Bipolar disorder can affect the brain

Origin and course

At the same time, environmental, psychological and social factors also have an influence on whether the disease breaks out and what course it takes. The environmental factors include, for example, negative life events, stress, but also major changes in life. Psychological factors that can negatively influence the illness are negative attitudes, poor processing of events or the abuse of alcohol. As social factors, for example, frequent criticism or rejection can have an unfavorable effect on the course of the disease.

A disordered lifestyle, for example an irregular sleep-wake rhythm or phases with intensive and less intensive work, can trigger renewed phases of illness. Not only can particularly positive events such as a sense of achievement and changes in living conditions, for example a long vacation trip, trigger, but also negative events, such as the death of a relative, a manic or hypomanic episode.

On the other hand, there are also protective factors that can reduce the likelihood of further disease phases. These include psychological factors such as the ability to cope with stress or the self-responsible use of medication, but also social factors, for example a stable partnership or the support of relatives.

The model by Meyer (2008) assumes that at the beginning of a manic or hypomanic phase there are first changes in the level of activity and in the duration of sleep. These then lead to a rise in mood towards euphoria or irritability. According to Meyer, this sets in motion a vicious circle: Self-esteem continues to rise and those affected often stop taking their medication on their own initiative, which further intensifies the manic symptoms. Criticism from relatives can in turn lead to increased irritability.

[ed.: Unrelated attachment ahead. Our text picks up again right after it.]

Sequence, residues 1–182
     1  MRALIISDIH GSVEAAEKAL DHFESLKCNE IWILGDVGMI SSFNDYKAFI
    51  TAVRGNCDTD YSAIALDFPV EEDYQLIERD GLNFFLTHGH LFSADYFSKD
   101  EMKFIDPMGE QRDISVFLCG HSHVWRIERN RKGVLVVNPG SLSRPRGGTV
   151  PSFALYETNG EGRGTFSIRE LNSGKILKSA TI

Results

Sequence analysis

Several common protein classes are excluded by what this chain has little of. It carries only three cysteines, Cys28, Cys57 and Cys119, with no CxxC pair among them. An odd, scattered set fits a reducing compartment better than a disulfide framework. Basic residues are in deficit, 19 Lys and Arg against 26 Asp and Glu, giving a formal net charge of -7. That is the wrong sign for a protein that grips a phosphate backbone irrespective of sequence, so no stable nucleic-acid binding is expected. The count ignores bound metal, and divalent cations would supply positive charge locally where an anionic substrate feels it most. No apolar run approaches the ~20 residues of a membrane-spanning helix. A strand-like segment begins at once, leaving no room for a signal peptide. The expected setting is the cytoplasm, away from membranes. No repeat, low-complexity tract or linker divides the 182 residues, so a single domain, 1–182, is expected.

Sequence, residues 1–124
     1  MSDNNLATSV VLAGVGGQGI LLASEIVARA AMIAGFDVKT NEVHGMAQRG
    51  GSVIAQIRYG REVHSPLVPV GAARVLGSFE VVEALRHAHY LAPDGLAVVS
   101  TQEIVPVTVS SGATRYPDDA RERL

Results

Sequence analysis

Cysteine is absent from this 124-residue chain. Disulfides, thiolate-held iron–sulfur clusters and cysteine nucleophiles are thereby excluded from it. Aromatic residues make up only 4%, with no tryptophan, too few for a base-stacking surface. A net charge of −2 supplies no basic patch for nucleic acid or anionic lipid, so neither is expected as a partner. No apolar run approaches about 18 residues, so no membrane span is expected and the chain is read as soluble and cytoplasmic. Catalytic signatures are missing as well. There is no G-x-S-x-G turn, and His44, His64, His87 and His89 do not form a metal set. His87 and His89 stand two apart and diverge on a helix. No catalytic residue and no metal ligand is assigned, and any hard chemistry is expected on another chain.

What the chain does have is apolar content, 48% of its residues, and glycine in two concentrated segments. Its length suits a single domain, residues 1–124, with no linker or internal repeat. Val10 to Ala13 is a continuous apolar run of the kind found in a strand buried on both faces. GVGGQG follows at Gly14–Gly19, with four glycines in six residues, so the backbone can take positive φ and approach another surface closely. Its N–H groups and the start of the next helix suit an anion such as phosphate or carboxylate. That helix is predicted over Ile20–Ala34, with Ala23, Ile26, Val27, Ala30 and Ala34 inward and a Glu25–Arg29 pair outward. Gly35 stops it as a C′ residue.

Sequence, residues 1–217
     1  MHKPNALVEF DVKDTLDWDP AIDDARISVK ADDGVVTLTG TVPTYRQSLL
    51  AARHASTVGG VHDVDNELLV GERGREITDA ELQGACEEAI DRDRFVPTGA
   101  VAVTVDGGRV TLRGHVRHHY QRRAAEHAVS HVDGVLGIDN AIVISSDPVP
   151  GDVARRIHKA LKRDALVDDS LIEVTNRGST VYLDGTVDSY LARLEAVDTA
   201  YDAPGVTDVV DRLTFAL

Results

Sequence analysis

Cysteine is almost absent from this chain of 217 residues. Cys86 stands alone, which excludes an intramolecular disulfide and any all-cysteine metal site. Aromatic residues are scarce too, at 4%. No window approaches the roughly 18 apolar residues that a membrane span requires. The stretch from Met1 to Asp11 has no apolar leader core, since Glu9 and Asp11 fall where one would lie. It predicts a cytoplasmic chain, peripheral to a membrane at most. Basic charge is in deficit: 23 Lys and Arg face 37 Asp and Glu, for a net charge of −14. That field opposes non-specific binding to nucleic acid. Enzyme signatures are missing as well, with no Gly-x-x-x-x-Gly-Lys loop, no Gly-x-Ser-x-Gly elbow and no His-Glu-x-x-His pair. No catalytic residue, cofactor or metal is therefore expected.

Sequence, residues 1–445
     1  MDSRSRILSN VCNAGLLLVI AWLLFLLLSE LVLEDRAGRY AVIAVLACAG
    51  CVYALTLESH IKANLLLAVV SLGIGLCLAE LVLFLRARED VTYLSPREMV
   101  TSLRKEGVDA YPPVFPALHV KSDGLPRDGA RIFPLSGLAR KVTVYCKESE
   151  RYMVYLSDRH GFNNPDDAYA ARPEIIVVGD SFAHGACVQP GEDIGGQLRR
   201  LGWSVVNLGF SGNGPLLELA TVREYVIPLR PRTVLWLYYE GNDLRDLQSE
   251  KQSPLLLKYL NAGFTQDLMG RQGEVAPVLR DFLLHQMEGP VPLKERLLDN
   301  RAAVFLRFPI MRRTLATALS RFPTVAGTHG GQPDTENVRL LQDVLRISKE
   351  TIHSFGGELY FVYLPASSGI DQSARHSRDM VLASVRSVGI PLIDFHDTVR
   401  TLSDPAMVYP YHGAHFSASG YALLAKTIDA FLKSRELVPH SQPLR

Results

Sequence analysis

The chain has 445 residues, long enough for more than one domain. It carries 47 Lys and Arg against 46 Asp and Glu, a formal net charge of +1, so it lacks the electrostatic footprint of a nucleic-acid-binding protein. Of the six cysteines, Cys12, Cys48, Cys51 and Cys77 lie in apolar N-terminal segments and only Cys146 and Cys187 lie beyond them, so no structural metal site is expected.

The first symptoms usually appear in early adulthood, around the age of 20. Around half of those affected initially experience a depressive episode. The bipolar disorder is not yet recognized at this point in time and therefore cannot yet be treated accordingly. The diagnosis “bipolar” is usually only made at the age of 30. At this age there is often a first stay in hospital.

At first glance, bipolar II disorder appears to be a less severe disorder because of the more pronounced symptoms. However, the phases with a stable mood are often shorter than with bipolar I disorder, which is also very stressful for those affected.

Without medication, half of those affected will relapse in the first year after the first phase of the disease. In some cases the phases of elevated and depressed mood follow one another directly, for example when a mania turns into depression, but sometimes months or years can also lie between the phases of the illness.

Often times, other mental health problems arise in connection with bipolar disorder. Abuse or addiction to alcohol or drugs is the most common. Anxiety disorders, drug abuse and personality disorders are also not uncommon in the context of bipolar disorder.